Kaitlin Foley proved ideal in the title role, the Haymarket regular’s high, pure-toned soprano well-suited to the unjustly accused Susanna. At times one wanted greater fire in the (brief) dramatic moments and more incisive note values. But Foley’s dignified and poised vocalism made the most of her arias, as in Susanna’s desperate prayer and, especially, her long Dido-like lament in Act II, which proved most affecting.

The role of Testo is the fulcrum of the piece. Mezzo-soprano Quinn Middleman executed this narrator part effectively, though at times one wanted greater clarity to her words. As Daniel (here Daniele), Kristin Knutson made a strong and aptly heroic rescuer in her belated prophet ex machina appearance, taking over the proceedings and exposing the judges’ perjury. Daniel gets the single flashy aria in the entire work (“Dove, dove correte”) and Knutson handled the fireworks cleanly if a bit cautiously.

(L to r) Kristin Knutson, Kaitlin Foley, Quinn Middleman, Aaron Wardell and William Dwyer in La Susanna. Photo: Topher Alexander.

If the devil gets the best tunes in opera, the two villains have some of the most expressive music in Stradella’s oratorio. Both singers were excellent as the oddly sympathetic Judges (“I yearn for love—is that a crime?”). Aaron Wardell deployed his rich and rounded bass-baritone superbly while tenor William Dwyer sang with a vibrant tone and stylish expression. All the voices blended wonderfully in the ensembles and choruses.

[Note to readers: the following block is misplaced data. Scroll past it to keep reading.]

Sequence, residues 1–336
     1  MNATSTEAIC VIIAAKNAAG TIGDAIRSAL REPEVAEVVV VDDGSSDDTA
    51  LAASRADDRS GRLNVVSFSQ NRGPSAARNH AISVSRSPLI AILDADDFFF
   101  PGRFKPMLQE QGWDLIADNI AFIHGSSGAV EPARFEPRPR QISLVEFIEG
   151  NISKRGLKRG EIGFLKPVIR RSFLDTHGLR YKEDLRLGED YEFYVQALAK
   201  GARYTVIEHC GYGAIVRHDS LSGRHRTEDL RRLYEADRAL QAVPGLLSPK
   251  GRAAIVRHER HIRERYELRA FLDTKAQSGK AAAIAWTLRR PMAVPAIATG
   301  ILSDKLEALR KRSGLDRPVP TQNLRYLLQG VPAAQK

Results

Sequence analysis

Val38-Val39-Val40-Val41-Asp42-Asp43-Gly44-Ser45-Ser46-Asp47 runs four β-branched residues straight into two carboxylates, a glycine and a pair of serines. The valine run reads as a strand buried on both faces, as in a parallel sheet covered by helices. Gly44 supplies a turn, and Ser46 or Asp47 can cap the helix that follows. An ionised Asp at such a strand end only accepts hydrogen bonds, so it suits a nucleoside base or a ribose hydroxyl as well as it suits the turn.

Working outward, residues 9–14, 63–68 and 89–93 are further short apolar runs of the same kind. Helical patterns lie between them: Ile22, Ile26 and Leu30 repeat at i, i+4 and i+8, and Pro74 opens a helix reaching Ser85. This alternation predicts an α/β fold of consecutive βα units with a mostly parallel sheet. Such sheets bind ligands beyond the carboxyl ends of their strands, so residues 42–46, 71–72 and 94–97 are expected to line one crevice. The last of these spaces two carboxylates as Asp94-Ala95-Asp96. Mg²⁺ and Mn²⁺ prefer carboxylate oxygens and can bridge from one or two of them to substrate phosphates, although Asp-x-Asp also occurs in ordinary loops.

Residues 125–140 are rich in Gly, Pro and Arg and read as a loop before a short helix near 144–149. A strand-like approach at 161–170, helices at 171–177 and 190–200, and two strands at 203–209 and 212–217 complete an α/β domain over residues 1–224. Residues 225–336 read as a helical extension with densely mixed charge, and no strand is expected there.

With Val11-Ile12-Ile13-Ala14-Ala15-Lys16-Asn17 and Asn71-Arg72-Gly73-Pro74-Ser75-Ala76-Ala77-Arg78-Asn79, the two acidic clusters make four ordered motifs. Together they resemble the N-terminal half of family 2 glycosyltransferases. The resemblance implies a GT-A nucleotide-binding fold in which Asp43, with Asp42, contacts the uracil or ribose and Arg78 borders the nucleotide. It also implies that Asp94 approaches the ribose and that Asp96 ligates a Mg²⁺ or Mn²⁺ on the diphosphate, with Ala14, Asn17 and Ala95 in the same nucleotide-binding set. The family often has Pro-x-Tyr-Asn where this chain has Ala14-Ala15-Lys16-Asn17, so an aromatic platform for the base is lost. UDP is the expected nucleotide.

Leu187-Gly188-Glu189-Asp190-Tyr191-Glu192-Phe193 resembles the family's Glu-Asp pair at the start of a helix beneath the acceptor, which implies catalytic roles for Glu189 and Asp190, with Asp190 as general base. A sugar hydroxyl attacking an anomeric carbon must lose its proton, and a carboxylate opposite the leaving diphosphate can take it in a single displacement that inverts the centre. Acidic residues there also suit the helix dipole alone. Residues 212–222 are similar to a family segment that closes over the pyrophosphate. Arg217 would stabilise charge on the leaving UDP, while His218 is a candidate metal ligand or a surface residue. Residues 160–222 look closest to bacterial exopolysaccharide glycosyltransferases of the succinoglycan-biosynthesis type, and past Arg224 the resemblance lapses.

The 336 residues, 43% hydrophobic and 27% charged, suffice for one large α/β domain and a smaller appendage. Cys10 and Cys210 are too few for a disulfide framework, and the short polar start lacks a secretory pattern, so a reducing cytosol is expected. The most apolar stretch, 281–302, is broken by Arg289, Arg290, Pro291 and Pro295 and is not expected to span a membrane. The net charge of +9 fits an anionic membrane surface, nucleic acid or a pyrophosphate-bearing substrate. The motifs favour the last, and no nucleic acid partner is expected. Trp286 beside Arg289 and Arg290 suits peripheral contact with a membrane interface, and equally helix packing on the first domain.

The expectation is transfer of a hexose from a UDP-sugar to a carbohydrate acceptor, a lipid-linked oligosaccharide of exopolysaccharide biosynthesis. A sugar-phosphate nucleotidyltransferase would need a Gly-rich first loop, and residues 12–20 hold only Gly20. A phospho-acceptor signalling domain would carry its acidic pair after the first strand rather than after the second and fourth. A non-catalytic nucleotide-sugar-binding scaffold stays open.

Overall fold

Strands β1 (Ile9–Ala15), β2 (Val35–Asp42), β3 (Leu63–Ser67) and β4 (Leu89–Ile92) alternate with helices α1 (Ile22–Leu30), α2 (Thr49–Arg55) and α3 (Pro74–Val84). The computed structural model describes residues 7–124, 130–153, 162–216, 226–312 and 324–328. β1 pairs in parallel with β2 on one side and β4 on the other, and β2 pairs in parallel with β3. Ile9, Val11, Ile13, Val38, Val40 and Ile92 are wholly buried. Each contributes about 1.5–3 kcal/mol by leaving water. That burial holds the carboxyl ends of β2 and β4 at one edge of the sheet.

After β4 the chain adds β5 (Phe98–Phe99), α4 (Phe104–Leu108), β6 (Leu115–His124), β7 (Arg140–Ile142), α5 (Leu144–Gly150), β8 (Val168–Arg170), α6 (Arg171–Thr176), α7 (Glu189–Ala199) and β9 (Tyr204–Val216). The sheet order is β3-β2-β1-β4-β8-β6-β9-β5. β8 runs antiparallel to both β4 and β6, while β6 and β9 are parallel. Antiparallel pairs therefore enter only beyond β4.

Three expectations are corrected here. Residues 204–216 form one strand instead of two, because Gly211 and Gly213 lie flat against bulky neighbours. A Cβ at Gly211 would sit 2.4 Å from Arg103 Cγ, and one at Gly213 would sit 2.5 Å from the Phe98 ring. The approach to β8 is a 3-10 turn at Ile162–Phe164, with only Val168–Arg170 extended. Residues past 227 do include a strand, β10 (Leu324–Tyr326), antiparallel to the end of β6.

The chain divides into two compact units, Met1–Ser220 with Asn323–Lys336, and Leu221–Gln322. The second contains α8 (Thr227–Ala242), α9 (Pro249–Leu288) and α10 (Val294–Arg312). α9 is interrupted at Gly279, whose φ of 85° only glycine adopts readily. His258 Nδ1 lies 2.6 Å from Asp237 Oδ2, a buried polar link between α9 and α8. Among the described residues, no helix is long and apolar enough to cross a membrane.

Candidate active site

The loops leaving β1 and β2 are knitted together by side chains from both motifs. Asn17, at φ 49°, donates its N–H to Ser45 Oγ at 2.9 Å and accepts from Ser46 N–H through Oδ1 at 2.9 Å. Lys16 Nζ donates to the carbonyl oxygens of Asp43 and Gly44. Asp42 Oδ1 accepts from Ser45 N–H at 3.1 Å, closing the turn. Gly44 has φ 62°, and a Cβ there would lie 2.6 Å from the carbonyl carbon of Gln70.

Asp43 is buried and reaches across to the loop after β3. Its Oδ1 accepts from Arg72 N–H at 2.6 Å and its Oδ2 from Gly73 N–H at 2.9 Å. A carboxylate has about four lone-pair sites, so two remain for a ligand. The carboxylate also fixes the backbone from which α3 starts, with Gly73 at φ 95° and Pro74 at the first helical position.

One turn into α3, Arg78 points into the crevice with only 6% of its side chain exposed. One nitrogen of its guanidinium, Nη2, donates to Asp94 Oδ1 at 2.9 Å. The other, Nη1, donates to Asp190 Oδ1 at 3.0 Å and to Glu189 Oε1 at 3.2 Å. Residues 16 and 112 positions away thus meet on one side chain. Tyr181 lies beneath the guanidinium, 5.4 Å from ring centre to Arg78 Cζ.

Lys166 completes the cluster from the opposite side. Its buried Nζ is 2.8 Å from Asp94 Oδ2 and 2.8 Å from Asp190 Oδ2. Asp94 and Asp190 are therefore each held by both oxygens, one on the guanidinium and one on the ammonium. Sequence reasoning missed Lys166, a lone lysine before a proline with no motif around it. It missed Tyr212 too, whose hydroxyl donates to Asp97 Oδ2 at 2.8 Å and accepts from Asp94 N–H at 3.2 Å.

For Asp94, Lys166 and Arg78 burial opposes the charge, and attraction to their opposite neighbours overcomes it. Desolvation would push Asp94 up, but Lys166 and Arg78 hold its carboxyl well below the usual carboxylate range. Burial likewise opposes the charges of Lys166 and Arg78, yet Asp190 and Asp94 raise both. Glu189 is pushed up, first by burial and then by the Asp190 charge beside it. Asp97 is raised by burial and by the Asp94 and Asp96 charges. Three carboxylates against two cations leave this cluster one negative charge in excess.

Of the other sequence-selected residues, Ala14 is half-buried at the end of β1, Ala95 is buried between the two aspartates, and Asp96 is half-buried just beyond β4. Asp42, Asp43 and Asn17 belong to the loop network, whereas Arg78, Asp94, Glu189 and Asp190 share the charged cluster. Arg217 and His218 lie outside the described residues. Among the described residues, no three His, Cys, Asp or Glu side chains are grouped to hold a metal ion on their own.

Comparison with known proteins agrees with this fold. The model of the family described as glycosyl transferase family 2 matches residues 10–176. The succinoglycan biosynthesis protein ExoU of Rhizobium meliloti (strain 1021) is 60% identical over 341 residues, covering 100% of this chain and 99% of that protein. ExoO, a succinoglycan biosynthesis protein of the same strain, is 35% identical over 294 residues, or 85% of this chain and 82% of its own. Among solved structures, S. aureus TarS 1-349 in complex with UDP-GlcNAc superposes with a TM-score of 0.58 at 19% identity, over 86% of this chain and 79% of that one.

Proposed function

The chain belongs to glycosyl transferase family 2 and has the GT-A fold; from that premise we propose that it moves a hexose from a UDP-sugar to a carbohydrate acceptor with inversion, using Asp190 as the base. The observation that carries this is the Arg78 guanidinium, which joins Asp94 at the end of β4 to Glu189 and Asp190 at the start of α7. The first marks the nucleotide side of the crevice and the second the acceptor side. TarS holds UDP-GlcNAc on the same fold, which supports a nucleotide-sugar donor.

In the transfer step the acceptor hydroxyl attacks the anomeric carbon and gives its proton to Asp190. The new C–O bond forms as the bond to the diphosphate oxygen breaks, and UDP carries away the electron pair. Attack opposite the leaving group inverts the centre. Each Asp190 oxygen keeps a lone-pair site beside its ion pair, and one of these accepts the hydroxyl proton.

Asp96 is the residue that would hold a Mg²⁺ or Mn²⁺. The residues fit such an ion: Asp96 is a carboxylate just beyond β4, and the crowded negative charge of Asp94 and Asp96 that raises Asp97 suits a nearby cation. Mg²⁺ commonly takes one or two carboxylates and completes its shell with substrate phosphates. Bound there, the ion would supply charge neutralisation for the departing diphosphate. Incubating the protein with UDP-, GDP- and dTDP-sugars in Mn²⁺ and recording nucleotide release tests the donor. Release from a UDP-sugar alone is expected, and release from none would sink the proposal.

The “orchestra” for Stradella’s work consists of just five players, apt in scale for this intimate work. Leading unobtrusively from the cello, artistic director Craig Trompeter set ideal tempos and fine pacing that kept things moving. The playing of the period-instrument Haymarket Orchestra was characteristically nimble and polished, a couple brief moments of violin disarray apart. Playing both harpsichord and organ, Jason Moy consistently underlined the oratorio’s drama. 

Haymarket Opera present Joseph Bologne’s L’Amant Anonyme June 17-19. haymarketopera.org

Posted in Performances


2 Responses to “Haymarket Opera returns with a superb cast in Stradella’s “La Susanna” ”

  1. Posted Mar 28, 2022 at 10:10 am by Ted Hatmaker

    I very much agree with this review. This was an authoritative performance of a work not often performed. I think a shout-out should also go to Brandon Aker, who played so expressively on the theorbo.

  2. Posted Mar 30, 2022 at 8:30 am by Charles Capwell

    This performance was typical of what we have learned to expect of this fine organisation which is bringing Chicago respectable and respectful productions of Baroque vocal and instrumental pieces. The singers were all impressive, though I did feel Ms. Foley could have restrained the piercing quality of her upper range–her “Dido like lament” in Act II, however, was perfect for its musical expressivity and control.

    And yes, Acker and Moy handled the continuo splendidly.